So, let’s see if avocado fits the botanical characterization of a fruit.
The definition of a fruit from a botanical point of view according to Wikipedia is the following:
A fruit is the seed-bearing structure in flowering plants that is formed from the ovary after flowering.Wikipedia
From the above definition, we can identify two essential elements for the product of a plant to be considered fruit:
- To bear seeds
- To form from the ovary of a flower
In botany, an ovary is a part of the female reproductive organ of the flower. (source)
Below is a diagram to help you better understand the parts of a mature flower.
Now let’s see if an avocado matches these two requirements mentioned earlier.
Does an avocado fruit bear seeds?
Yes! Although an avocado fruit contains only a large seed, it does meet this criterion.
Does an avocado fruit develop from the ovary of a flower?
Yes! An avocado fruit forms from the ovary of a flower. (source)
So, what is avocado from a botanical viewpoint?
Since there is no scientific definition for vegetables and because an avocado meets all the requirements to be considered a fruit, we can undoubtedly convey that an avocado is a fruit from a botanical standpoint.
Is Avocado A Berry?
Many say that avocado is actually a berry and not a fruit or vegetable.
Let’s find out what berries are and whether the fruit of the avocado tree fits in this category or not.
We can tell from the start that it is wrong to say that avocado is not a fruit because it is a berry, because, in botany, berries are a subcategory of fleshy simple fruits. So, all berries are fruits, but not all fruits are berries.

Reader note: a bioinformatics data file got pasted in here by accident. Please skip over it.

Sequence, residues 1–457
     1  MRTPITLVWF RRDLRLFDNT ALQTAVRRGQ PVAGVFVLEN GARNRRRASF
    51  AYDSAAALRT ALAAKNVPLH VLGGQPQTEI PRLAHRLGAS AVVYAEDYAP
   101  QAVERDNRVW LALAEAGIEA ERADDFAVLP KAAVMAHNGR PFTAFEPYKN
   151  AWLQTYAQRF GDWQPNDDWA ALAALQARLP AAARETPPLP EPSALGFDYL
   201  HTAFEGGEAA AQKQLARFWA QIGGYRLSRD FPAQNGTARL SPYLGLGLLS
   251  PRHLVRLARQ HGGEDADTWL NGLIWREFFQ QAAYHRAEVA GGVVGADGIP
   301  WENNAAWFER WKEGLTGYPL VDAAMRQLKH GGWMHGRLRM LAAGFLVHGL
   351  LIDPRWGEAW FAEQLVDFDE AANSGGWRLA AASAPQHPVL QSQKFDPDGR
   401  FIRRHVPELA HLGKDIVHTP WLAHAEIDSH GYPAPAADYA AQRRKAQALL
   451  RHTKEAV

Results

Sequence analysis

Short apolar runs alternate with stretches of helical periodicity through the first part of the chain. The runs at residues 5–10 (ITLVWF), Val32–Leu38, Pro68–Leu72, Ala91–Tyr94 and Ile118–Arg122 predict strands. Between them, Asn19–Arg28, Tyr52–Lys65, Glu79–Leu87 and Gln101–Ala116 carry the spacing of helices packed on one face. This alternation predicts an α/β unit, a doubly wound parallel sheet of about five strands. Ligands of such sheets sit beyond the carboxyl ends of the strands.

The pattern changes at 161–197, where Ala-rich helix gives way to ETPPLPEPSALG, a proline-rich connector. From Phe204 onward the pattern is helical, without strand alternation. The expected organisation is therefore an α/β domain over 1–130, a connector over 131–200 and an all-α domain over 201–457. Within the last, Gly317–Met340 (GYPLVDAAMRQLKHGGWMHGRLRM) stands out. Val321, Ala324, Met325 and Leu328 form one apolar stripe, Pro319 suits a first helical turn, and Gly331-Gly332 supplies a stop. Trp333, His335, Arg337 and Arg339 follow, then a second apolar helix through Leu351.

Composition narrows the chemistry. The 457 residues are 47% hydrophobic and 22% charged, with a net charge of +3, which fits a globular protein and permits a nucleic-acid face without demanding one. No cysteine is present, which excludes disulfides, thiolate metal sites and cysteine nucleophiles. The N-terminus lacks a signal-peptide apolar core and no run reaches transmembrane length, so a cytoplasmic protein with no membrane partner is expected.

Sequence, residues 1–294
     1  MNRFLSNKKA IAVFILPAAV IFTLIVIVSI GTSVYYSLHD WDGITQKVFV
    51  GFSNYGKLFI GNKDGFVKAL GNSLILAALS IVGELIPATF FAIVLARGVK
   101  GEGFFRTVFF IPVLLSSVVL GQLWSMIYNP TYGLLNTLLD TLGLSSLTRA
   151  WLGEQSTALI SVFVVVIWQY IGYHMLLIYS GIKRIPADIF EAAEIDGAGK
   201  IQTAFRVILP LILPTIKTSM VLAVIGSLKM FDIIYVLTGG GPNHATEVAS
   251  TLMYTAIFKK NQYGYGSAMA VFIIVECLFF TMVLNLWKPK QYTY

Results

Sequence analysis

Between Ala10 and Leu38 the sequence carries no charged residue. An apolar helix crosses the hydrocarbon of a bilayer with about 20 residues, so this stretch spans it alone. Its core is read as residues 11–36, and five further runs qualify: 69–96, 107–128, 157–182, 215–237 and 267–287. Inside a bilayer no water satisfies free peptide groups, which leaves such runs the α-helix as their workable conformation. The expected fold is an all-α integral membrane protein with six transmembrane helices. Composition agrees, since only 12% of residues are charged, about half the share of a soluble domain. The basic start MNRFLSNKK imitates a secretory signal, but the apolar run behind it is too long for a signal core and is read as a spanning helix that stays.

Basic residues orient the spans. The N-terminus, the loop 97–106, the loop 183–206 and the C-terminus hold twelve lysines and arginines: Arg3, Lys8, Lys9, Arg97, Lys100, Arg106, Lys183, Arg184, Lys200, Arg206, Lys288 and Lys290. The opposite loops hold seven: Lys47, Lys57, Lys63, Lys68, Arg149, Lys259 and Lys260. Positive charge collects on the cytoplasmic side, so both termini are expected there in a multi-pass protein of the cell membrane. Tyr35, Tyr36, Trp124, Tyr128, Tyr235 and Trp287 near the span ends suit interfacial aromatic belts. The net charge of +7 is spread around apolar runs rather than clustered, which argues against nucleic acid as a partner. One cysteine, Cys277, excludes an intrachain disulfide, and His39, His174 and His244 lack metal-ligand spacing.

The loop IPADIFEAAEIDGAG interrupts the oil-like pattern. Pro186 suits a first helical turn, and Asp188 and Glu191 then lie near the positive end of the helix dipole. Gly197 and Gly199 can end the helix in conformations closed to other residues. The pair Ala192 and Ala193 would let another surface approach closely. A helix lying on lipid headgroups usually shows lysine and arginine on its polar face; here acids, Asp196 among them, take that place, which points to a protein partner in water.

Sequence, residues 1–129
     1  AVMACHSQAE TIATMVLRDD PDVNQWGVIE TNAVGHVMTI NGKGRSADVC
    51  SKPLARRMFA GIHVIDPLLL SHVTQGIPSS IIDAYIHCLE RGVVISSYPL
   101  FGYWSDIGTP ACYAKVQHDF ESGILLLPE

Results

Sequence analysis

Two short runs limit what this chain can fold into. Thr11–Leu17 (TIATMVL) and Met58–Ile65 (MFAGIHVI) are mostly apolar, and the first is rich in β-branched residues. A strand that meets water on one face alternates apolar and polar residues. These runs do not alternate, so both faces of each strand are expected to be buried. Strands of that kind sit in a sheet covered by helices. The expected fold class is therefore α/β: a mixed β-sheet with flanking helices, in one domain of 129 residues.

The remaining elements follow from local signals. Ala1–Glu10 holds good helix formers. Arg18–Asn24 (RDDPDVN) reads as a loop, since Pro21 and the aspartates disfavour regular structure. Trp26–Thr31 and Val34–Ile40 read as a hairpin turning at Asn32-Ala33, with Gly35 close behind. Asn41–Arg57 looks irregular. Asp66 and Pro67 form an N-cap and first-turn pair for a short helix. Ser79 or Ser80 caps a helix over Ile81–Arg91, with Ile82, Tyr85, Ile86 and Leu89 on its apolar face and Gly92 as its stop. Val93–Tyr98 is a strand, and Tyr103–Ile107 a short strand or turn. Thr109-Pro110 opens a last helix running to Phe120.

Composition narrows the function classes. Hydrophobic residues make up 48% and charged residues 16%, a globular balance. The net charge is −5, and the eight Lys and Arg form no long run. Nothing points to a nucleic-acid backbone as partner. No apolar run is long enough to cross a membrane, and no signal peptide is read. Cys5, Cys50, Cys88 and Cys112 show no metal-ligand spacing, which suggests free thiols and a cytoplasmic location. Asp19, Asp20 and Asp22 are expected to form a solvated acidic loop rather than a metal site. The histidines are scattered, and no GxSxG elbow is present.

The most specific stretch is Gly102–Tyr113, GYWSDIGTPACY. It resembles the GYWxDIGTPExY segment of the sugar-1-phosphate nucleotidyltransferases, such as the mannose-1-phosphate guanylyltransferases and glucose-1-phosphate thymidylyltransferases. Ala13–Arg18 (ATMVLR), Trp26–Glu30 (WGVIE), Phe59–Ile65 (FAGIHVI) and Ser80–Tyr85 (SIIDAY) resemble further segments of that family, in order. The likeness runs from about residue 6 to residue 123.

There are also two definitions of the word “berry.”
In everyday language:
A berry is usually any small, pulpy, and often edible fruit.Wikipedia
This broad definition can include fruits like blueberries, grapes, cranberries, and even fruits that, from a botanical position, are not genuine berries but aggregate fruits, such as strawberries, blackberries, and raspberries. (source)
Although avocado is pulpy and edible, it is a relatively large fruit when it reaches maturity. Therefore, judging by the popular definition of the word “berry,” we cannot include avocado in this category.
There are also multiple botanical definitions for berries. One may be the following:
A berry is a simple fruit having seeds and fleshy pulp (the pericarp) produced from the ovary of a single flower. The pericarp is divided into three layers. The outer layer is called the “exocarp” or “epicarp”; the middle layer, the “mesocarp” or “sarcocarp”; the inner layer, the “endocarp”.Wikipedia
According to this definition, avocado can be considered a berry as it does meet all the requirements.
However, there are also some people that claim that avocadoes are not berries but drupes.
Drupes are typically defined as:
Drupes are fleshy fruits produced from a (usually) single-seeded ovary with a hard woody layer (called the endocarp) surrounding the seed.Wikipedia
Although it may seem that avocados match the definition of drupes, they actually do not.
Drupes’ seeds have a hard outer shell (endocarp), while avocados’ seeds have a thin but fleshy endocarp. This small but significant argument makes avocado fruit a berry and not a drupe.
The avocado fruit is cultivated for its nutritional values, but also for its buttery taste in salads or various recipes.
Although many treat it in the kitchen more like a vegetable, botanically, avocado is a fruit.
We can classify avocado fruits even more as berries, but they are still fruits from a botanical perspective.